Before making it to technology powered commercial applications, personal identification on the basis of fingerprints and other human anatomical features have been used in forensics and law enforcement for more than a century. Capturing human body patterns like fingerprints, ear prints, footprints, etc. from crime scenes and identification of the owners of those prints have helped law enforcement resolve crime mysteries. Fingerprints and other human characteristics have been used for identification of criminals while civil identification was served using identity documents like ID cards, badges, possessions, etc. In its initial days, identification on the basis of human anatomical patterns was mostly manual. It was a time consuming process to study fine details in fingerprints or other patterns to establish or prove an identity. With the rise of technology and connectivity, forensic applications for personal identification were greatly assisted by biometrics. It dramatically reduced time and efforts taken to establish or verify an identity.
Application specific biometric systems are available now. Use cases like employee attendance or customer/member identification can be deployed by biometric systems that are easily available in the market. But these systems cannot address large scale identification needs. For identification of a large scale population, AFIS (Automated Fingerprint Identification Systems) are leveraged. What AFIS is and how they are different from other biometric systems.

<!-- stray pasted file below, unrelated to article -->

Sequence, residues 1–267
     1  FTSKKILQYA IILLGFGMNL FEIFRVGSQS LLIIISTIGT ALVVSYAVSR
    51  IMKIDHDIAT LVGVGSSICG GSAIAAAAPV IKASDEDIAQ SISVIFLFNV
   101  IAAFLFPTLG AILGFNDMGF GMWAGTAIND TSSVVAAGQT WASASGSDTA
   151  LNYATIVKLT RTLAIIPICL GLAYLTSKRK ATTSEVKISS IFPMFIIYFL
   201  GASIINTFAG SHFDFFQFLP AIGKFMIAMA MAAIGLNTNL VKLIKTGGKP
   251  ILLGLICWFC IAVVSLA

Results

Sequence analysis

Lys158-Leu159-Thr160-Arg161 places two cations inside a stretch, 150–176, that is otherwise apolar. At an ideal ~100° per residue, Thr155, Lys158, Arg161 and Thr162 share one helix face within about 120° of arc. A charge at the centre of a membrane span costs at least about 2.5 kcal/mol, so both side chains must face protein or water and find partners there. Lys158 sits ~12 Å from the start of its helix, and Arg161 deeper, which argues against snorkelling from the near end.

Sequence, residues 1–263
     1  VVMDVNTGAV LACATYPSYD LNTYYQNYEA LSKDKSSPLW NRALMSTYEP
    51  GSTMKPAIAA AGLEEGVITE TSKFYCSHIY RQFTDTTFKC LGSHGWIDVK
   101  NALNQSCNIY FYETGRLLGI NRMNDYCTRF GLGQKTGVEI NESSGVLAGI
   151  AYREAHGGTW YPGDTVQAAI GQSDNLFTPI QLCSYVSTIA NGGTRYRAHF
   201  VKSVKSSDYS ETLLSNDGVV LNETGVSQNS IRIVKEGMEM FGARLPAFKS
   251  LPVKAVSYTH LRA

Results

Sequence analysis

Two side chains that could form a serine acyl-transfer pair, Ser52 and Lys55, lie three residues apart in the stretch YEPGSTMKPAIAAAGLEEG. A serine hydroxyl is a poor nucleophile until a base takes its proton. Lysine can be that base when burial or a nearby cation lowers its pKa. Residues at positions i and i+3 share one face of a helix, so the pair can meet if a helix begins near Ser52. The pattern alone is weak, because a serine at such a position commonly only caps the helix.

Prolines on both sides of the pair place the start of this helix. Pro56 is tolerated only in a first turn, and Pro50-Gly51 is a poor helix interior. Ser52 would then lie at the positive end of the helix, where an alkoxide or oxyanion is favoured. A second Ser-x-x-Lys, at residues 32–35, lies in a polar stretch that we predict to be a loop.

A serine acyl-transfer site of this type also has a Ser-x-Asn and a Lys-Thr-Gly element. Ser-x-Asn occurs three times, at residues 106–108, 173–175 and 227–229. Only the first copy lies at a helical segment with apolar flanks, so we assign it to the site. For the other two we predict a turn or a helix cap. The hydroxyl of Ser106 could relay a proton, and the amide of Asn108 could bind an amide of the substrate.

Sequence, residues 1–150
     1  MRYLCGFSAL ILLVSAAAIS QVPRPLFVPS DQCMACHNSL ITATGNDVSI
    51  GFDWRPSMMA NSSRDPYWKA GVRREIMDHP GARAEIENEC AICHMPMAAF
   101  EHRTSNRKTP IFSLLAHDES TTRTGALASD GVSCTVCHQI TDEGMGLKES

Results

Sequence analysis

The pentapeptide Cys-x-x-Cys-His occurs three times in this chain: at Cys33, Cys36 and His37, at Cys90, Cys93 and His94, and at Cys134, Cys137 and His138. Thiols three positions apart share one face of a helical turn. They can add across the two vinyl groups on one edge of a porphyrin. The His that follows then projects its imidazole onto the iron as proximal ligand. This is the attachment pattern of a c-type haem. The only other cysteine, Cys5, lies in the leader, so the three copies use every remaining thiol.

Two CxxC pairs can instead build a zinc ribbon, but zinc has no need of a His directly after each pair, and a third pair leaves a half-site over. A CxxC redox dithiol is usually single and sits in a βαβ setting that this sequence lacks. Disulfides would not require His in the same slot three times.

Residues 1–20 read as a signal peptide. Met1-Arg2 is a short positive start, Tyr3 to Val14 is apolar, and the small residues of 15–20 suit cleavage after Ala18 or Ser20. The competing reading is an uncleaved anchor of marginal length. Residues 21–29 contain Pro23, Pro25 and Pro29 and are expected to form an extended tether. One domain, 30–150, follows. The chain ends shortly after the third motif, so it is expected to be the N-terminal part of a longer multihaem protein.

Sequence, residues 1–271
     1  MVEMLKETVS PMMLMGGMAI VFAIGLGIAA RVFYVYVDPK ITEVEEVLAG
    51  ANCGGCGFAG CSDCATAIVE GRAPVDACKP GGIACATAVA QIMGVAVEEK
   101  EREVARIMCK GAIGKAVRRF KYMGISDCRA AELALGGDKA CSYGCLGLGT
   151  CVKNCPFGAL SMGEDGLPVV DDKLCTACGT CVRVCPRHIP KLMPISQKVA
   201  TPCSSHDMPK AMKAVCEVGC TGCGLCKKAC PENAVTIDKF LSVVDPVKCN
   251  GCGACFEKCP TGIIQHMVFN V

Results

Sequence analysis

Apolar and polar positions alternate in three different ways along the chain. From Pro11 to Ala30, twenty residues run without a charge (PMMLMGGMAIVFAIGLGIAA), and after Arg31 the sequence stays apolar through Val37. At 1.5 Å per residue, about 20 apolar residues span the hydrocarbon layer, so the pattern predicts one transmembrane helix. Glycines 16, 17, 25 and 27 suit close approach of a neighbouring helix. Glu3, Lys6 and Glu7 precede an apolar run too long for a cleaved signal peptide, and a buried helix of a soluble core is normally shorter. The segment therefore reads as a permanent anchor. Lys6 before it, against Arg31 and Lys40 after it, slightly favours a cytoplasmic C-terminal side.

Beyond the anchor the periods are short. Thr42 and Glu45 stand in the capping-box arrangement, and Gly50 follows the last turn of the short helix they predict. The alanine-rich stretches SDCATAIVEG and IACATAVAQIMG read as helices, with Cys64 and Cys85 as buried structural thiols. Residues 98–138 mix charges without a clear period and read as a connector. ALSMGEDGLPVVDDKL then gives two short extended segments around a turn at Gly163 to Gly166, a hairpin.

Large scale fingerprint identification
Forensics is the birth place of biometrics. Despite its age and shift towards civil applications, biometrics is still of prime importance when it comes to forensics, law enforcement and mass surveillance applications. Human physiological and behavioral patterns collected from crime scenes are considered as a strong proof in legal proceedings. Many governments run mass surveillance programs for intelligence gathering to ensure national security and prevent terrorist activities. Face recognition, voice biometrics, gait analysis, etc. are used for remote identification in such applications.
Law enforcements and mass surveillance generates a huge amount of biometric data that cannot be processed using commercial biometric systems, which are intended to process limited numbers of records. This data is processed using specialized setup which provides adequate processing ability to process large amount of data. AFIS (Automated Fingerprint Identification System) is one of such systems, which has ability to store large amount of fingerprints records and process them. AFIS systems are typically used by law enforcement agencies to store and process criminal fingerprints. These systems can also be used for large scale civil identification as it also has to deal with large number of records.